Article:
2015: Volume 8, Issue 1, pp. 53-69

Mythes modernes, propagande et communications publicitaires 
de l’armée canadienne en 2010

Isabelle Gusse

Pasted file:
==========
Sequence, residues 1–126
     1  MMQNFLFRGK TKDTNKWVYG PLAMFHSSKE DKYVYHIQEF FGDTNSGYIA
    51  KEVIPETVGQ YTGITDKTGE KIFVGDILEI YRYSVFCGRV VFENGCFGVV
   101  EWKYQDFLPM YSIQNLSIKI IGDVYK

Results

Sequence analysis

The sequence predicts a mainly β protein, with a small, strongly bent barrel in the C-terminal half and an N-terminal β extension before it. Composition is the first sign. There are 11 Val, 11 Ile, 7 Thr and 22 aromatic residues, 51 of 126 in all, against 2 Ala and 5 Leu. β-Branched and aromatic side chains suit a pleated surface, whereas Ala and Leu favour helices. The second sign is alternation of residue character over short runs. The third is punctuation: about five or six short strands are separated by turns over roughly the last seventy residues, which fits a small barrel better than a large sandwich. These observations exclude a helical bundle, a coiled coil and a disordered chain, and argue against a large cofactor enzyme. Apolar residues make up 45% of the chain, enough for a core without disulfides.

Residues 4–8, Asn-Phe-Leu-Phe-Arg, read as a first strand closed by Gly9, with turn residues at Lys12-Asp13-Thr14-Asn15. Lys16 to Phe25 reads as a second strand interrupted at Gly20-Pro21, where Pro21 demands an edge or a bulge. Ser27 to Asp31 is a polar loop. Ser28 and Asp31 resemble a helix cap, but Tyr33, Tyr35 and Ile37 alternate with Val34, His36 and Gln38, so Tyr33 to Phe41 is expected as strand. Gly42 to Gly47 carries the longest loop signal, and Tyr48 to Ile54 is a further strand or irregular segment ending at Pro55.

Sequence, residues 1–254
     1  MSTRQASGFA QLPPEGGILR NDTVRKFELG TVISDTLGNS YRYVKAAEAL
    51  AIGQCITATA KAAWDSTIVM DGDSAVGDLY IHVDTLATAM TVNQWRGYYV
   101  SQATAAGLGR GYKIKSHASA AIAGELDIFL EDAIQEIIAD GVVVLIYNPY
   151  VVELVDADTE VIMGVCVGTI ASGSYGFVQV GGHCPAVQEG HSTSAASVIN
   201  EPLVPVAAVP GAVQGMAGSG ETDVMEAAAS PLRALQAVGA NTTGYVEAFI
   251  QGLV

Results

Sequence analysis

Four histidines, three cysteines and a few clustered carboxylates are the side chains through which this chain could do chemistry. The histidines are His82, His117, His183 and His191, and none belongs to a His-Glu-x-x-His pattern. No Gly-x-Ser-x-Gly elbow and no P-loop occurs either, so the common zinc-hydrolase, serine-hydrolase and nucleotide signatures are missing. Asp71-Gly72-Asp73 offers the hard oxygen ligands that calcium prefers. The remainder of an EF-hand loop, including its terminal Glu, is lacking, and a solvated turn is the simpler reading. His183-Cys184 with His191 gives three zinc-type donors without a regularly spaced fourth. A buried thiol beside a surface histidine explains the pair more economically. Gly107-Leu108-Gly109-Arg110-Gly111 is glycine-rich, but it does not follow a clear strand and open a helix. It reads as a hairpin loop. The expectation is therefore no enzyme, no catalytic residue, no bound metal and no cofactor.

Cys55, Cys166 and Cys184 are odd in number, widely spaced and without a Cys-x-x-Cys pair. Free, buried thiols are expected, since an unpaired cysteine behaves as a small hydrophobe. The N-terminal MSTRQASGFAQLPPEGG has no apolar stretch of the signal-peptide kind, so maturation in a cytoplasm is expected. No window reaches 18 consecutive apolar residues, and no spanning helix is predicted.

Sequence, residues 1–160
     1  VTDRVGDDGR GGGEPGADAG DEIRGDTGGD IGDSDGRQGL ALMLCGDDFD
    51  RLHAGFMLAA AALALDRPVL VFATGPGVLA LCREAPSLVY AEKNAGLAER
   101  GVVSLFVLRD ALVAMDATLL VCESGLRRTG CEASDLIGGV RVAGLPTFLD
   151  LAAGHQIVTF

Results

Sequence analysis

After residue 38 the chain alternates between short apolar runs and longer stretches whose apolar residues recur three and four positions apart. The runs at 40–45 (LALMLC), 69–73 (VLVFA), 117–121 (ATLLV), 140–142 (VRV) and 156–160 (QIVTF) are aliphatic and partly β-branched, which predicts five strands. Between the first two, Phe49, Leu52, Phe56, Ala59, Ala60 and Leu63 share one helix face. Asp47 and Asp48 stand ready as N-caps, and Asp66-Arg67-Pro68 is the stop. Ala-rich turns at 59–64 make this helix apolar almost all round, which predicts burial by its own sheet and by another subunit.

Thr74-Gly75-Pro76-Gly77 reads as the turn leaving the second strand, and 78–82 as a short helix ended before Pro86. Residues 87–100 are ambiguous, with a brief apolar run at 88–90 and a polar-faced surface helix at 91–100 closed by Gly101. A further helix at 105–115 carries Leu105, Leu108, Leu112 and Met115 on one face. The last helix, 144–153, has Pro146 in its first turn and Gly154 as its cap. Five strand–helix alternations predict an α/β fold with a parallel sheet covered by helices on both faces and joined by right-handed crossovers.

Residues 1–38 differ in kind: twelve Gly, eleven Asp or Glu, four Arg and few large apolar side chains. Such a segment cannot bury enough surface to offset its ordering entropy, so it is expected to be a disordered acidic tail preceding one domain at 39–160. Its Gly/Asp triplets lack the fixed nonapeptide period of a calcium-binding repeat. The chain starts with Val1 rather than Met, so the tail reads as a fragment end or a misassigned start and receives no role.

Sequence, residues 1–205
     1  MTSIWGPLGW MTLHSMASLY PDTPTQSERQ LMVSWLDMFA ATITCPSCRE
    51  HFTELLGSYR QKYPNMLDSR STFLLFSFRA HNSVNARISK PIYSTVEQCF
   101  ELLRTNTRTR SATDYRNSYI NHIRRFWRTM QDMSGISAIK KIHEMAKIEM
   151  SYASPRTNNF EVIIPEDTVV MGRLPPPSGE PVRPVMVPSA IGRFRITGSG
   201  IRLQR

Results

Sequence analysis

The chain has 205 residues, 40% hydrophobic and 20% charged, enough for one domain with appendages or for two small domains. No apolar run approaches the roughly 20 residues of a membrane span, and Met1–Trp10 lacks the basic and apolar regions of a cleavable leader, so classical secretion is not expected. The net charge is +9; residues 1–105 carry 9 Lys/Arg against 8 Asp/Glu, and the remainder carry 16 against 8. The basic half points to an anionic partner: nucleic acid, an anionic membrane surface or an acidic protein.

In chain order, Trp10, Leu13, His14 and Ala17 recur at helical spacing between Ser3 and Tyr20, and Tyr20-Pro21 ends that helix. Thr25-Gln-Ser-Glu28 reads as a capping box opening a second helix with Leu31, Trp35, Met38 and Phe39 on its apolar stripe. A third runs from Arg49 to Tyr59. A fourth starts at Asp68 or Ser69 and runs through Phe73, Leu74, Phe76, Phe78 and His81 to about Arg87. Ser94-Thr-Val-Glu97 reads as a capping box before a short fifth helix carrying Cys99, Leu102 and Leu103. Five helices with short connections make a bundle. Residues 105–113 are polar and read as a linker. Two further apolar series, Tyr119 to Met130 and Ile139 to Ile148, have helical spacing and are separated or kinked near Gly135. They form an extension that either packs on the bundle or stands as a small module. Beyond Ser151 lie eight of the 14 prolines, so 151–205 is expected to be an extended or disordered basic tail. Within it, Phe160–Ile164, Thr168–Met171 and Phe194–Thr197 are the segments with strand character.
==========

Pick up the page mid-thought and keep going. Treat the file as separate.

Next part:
The author captures Canadian government communication in light of the theoretical contributions of Jacques Ellul on 20th century modern myths and propaganda. Analyzing the images and their accompanying verbal comments of 26 videos posted on the website of the Canadian army, for the recruitment of young people between 18 and 34 years (2010), this paper presents a typology of the founding myths (Science, History, Progress) and related secondary myths (technical progress, efficient technician training and ideal career, realization of material happiness, siblings, higher values, exemplary hero, dream life, youth promised tomorrows). These myths support the idea that the military profession is a profession like any other, while hiding its warlike and deadly purpose. Constituent advertising communications largely financed and disseminated by the Conservative government of Stephen Harper, through the Ministry of National Defence, is pushing young Canadians to engage in the army, those myths ensure orthopraxic effectiveness of these communications, similar to recent propaganda.


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